As property markets soared and so did debt levels last year, it was the Australian Prudential Regulation Authority (APRA)- rather than the RBA- that stepped in with regulatory measures aimed at cooling the market and removing some of the risk exposure that had been taken on by households that may have been over leveraged.
APRA did this by raising the repayment buffer on mortgage applications from 2.5% to 3%…and also by sounding the warning bells on Debt-To-Income (DTR) ratios.
What was so concerning?
For many years there had been this unofficial messaging that a borrower could generally expect to be granted a loan of up to around five times that borrower’s annual income.
However, APRA was concerned to note that the level of debt exposure by Australian borrowers was starting to creep up.
Specifically, it estimated around 20 per cent of recent loans actually had a DTI of more than six… ie a household was borrowing more than six times its annual income.
It sounds like a marginal increase, but in some households, the difference between that amount and the old one/fifth yardstick was more than $150,000, which is considerable added exposure. And the concern was that if there was no agreed standard in place, this could keep slipping higher.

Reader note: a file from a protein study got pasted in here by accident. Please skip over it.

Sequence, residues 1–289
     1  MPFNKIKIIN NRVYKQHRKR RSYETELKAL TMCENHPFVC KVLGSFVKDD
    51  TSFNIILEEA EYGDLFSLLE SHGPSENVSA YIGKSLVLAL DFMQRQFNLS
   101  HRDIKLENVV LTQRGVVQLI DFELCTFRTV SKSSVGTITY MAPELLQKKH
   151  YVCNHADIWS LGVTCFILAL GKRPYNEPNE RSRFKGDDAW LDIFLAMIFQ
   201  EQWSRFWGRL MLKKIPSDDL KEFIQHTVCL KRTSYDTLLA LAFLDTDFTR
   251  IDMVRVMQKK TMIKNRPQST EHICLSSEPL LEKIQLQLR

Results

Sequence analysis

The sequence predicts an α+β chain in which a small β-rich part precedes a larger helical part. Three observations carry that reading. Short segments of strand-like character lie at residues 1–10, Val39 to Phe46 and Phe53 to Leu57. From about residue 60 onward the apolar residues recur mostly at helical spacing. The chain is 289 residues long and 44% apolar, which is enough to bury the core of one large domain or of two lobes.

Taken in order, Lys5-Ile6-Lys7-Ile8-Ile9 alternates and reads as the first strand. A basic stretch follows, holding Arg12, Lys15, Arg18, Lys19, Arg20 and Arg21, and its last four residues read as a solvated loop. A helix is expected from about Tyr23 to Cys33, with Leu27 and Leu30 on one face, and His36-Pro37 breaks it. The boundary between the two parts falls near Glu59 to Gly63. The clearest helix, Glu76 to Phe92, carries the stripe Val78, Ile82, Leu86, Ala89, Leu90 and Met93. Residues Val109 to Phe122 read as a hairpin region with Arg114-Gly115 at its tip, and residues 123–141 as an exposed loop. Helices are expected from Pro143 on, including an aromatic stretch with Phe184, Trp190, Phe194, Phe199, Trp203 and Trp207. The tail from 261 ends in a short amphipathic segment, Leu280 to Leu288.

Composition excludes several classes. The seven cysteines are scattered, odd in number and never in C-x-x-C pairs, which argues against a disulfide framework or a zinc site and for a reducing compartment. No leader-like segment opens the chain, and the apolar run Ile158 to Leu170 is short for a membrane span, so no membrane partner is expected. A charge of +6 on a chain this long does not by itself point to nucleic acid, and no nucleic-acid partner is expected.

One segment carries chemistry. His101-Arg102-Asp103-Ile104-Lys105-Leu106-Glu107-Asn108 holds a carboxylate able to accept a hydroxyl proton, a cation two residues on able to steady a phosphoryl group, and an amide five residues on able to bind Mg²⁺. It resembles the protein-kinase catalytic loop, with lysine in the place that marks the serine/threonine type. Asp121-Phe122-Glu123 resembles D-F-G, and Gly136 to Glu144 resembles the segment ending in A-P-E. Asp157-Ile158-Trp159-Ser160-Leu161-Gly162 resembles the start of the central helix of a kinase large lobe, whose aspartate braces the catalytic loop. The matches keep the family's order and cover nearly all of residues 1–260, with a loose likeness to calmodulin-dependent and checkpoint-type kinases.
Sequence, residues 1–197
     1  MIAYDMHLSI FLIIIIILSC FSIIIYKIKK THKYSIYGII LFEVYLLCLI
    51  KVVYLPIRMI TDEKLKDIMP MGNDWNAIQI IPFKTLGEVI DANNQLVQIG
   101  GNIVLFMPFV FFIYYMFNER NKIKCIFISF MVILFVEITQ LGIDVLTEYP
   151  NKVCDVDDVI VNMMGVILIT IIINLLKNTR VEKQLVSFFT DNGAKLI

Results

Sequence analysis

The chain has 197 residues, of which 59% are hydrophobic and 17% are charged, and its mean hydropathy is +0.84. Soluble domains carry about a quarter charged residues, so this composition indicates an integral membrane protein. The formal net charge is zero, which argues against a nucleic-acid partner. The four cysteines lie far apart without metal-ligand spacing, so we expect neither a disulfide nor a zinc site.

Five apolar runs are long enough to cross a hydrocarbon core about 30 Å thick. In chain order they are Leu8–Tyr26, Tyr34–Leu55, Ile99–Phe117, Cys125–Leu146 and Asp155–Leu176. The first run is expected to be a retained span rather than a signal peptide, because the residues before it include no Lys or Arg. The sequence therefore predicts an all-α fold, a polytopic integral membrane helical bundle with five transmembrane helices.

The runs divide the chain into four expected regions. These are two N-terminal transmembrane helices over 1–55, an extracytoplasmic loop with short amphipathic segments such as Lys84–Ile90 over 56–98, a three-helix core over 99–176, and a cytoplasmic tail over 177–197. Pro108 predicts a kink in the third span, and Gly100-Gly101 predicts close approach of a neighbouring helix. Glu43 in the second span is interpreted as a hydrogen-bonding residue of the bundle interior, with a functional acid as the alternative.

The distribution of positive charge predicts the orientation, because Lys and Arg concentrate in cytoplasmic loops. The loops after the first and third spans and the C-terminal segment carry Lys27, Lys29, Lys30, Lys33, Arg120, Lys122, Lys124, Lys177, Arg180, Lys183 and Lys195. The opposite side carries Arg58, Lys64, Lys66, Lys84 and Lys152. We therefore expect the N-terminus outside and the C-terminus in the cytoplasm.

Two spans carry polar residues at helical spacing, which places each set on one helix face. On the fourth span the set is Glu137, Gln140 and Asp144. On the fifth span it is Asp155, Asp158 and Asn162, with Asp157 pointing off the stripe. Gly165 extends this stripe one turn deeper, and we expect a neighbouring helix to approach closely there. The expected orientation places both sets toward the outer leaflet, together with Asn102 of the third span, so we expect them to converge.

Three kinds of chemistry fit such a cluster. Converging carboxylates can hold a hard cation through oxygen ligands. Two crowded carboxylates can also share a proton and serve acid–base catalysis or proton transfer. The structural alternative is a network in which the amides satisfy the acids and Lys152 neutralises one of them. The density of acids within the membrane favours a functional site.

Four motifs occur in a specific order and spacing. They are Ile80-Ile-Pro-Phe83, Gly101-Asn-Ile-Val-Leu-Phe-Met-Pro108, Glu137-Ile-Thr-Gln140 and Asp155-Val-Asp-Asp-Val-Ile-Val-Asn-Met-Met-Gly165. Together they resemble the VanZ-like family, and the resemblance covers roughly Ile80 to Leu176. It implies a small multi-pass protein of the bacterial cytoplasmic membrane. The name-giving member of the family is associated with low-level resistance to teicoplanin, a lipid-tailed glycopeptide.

What did they do about it?
After the issue was flagged by APRA, a number of banks took action and now have caps on their DTI limits of six times the income. The fallout of this could mean that if you are a would-be borrower, you may no longer be eligible for a loan that you thought you were.
This affects owner occupiers especially, as they are more likely than investors to be borrowing at their full capacity in order to purchase a single property.
And combining that hurdle with the 3% repayment buffer that we mentioned earlier, owner occupiers receive somewhat of a double whammy.
That buffer is in place so that lenders can see if you would still be able to service a loan if interest repayments went up, which a lot of people are expecting them to do.
And if you are one of the borrowers that locked in a fixed rate for a certain period, you are also likely to get a nasty surprise when the fixed period ends and the loan rolls over into a much higher variable rate than you had originally expected.
How do these changes benefit investors?
The situation will be more prohibitive for investors than it used to be, but things are looking peachy when compared to owner occupiers.
This is because investors often use equity as a deposit and are able to borrow at a more favourable Loan to Value Ratio than owner occupiers (eg they may only need to borrow 50% of the property’s value). They also have the advantage of rental income to help service the loan; rental income which has been on the rise across the country as vacancy rates fall and will only increase further as inflation takes off in Australia.
Then there’s the fact investors usually borrow interest only (at least to begin with), which means they won’t be as stretched by the repayment buffers in place.
So what does it all mean for me?
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